Harbor Style Harbor Style March 2018 : Page 69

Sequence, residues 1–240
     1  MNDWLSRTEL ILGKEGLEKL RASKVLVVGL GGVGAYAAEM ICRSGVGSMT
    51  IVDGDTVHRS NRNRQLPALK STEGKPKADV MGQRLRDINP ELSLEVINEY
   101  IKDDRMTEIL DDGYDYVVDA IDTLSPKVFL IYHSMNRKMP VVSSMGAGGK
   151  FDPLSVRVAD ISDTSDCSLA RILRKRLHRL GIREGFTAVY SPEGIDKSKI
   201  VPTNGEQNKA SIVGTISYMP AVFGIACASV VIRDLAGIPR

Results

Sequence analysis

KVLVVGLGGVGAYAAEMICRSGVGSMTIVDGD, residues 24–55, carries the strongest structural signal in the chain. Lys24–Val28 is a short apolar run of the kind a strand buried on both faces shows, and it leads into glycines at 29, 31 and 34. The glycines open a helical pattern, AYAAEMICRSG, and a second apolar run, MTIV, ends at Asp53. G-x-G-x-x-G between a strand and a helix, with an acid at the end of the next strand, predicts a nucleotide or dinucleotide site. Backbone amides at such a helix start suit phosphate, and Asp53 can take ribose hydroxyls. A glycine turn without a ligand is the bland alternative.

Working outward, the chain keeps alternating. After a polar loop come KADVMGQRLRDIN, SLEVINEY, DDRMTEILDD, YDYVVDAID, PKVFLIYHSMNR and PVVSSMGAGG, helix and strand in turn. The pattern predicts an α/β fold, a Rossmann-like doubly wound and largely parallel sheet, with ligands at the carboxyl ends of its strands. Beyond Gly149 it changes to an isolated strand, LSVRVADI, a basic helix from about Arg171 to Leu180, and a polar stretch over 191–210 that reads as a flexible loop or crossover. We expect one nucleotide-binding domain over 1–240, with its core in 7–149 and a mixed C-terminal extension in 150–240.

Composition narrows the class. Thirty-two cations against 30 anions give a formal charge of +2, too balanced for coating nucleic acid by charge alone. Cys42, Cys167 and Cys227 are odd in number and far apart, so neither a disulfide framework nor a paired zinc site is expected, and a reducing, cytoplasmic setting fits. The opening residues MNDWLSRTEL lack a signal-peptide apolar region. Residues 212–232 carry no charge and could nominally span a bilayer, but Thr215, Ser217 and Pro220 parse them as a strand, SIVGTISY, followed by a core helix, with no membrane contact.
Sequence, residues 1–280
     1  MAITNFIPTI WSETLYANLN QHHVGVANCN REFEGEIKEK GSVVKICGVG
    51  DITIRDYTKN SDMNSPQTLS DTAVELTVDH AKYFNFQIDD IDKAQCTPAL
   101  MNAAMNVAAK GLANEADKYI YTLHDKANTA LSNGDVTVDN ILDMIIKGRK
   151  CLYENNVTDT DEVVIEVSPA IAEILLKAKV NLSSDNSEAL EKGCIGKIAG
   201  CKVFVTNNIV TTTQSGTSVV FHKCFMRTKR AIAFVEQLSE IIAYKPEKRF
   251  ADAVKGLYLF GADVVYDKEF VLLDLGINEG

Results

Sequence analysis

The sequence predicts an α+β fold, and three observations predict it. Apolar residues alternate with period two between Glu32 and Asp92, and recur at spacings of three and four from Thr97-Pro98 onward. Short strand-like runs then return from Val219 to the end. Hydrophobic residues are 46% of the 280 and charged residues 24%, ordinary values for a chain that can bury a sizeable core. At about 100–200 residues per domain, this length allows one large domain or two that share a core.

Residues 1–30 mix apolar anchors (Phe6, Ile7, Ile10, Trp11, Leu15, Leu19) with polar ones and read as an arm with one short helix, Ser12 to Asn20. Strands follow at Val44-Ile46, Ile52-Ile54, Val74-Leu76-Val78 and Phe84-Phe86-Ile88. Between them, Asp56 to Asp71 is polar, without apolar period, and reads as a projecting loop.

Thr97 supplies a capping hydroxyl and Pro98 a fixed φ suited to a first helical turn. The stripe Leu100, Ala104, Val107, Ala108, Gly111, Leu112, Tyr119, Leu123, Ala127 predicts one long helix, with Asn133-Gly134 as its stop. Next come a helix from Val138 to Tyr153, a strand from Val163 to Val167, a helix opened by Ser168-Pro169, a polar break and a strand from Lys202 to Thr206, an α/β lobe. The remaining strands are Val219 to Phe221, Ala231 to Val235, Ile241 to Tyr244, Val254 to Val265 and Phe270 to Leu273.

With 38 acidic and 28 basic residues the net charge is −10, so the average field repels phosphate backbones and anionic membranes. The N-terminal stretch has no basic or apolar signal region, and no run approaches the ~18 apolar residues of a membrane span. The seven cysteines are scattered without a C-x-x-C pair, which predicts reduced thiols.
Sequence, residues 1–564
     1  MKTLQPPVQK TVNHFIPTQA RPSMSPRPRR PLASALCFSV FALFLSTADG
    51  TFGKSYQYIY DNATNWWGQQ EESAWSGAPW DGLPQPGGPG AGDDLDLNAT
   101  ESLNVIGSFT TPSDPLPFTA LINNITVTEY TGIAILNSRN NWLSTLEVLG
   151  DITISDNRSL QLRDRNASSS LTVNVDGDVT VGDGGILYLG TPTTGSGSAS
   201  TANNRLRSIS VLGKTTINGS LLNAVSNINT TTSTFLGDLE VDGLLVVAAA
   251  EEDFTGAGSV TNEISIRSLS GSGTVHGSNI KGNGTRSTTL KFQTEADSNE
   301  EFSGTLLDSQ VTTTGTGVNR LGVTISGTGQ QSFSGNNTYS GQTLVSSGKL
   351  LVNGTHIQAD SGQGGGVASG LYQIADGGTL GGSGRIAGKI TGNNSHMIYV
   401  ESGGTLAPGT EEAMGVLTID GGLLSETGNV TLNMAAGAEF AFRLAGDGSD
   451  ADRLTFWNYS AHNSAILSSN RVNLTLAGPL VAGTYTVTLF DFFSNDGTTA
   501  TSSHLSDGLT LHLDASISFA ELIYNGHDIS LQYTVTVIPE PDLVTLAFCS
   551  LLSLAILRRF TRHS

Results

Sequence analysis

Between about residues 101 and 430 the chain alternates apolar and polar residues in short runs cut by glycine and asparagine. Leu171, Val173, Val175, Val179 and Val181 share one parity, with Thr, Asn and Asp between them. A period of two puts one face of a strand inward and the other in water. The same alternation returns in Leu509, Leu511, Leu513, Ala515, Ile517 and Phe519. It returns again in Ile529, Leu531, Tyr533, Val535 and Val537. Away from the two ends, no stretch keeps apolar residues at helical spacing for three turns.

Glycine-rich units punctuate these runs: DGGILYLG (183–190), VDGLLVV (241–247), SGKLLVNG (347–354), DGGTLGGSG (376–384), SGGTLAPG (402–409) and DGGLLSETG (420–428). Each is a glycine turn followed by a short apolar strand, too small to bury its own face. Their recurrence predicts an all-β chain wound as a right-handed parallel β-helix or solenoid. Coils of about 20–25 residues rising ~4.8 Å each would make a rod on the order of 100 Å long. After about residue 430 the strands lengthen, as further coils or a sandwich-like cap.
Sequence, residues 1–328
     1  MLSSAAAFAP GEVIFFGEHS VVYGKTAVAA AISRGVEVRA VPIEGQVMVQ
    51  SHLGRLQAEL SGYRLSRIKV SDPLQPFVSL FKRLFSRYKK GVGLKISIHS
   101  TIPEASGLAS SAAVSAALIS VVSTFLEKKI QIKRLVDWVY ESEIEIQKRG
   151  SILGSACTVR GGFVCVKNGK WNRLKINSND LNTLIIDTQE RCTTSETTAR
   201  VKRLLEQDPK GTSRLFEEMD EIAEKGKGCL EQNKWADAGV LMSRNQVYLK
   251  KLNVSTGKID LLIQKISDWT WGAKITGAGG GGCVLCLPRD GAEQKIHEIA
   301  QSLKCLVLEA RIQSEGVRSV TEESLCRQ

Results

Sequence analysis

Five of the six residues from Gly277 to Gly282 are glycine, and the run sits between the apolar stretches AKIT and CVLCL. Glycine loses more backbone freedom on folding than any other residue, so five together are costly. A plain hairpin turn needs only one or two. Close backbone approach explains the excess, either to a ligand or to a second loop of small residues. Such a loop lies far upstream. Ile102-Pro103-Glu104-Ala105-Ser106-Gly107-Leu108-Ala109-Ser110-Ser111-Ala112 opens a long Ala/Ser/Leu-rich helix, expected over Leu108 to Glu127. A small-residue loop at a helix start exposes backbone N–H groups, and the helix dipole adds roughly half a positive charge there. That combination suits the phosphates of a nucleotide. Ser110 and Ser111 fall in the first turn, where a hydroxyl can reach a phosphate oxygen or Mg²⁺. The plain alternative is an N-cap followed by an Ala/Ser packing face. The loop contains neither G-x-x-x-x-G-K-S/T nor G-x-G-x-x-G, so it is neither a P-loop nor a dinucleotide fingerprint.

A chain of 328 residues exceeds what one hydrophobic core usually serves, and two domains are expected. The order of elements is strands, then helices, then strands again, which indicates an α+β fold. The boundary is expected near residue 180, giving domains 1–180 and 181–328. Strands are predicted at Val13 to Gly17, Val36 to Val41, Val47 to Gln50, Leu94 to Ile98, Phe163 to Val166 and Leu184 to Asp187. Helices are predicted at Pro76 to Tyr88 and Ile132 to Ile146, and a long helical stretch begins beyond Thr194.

to eat. “I was sitting at the table and I noticed a box that contained coffee and sugar for preparing Turkish coffee. So I said to her, ‘Can I have a teaspoon of sugar?’ and at that time I did not understand why, but she burst into tears.” Port’s parents shortly arrived in Loutraki and the family started towards Athens in a truck. “We had to abandon the truck at some point because the road had been blown up and we had to walk.” A Changing World On their way home the family stopped at a roadside cafe, “tired as we were,” Port continued. Her father’s money that he had brought with him when the family left Athens two years earlier was supposed to last the duration of their exile. He soon learned it was worthless after he ordered a popular treat for his daughter. The price? The entire amount of all the money he had on him. When the family was about to leave the cafe, the price went up even more, and “My father was almost in tears as he did not have enough to cover the new price.” Fortunately, the waiter understood and the family went on their way. They reached Athens in the dark and her father called the landlord, Charilaos Paligginis, and found that he had moved all of their belongings into his own apartment for safekeeping. A Gestapo officer also occupied a room there. “We asked how did you do this while this officer was there,” Port recalled. The landlord answered that the officer was always drunk and “did not notice the two pianos and the two dining room sets.” The family ended up living with the landlord and his family for 11 months “free of cost until we could muster enough business and money to have a place of our own.” Entering the third grade, Port had a difficult time at first catching up as she had missed the first and second grades. Some classes and concepts were alien to her, but she managed to catch up and even went on to attend the prestigious American College for Girls in Athens, where she studied English. That would serve her well later when she became the official interpreter for her family. The Sarfatis sent for Chrysoula, and she came to live with them at the age of 15; Port was 9. “We grew up like sisters until 1951 when my parents and I left for the US.” The Displaced Persons Act “thanks to President Truman,” Port said, “was very significant because since 1924 the US had effected a quota system for countries in Europe that were considered ‘less desirable,’ and Greece was one of them.” Needing a sponsor, the Sarfatis went to the Joint Distribution Committee that sent them to Houston, where Jewish Family Services provided a garage apartment. “Each week we got $18 for groceries and other incidentals; everything was from charity: furniture, kitchen utensils, clothing...” The service also looked for jobs for her parents. Port entered the eighth grade, a year lower than her grade in Greece, in order to catch up on her English proficiency. “We were very lucky. We survived and then we had the happy chance to come to America,” she said. Port said she wanted to impart this message: “Yes, the Holocaust of World War II did happen. And we must never forget that. The coming generations must never forget that. My generation will soon be gone… ³ Roommates were great for college. But not for hospitals. The last thing you want when you’re in the hospital is to share a room. That’s why, at Bayfront Health Punta Gorda, we now offer all private rooms — at no additional cost. You won’t find another hospital in the area that can provide the same. Take a tour at BayfrontVIP.com . 809 E. Marion Ave., Punta Gorda HARBOR STYLE | 69

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